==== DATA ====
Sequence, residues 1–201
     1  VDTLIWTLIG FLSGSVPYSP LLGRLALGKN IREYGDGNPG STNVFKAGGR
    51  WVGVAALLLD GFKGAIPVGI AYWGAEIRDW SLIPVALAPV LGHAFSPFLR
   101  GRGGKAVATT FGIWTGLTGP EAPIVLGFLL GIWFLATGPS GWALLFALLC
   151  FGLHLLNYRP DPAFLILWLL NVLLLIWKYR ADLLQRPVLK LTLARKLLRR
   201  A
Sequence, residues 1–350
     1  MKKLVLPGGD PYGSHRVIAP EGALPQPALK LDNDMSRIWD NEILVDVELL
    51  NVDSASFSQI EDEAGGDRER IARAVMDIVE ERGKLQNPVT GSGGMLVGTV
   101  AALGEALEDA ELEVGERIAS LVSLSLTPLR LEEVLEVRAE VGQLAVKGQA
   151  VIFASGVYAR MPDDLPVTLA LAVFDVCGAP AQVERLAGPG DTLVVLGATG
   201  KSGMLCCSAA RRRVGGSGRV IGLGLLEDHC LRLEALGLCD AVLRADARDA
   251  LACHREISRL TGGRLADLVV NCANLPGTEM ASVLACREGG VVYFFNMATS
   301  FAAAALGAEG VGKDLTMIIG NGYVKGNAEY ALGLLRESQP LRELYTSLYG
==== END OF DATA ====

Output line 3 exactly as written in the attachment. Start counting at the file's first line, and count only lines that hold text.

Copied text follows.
    51  WVGVAALLLD GFKGAIPVGI AYWGAEIRDW SLIPVALAPV LGHAFSPFLR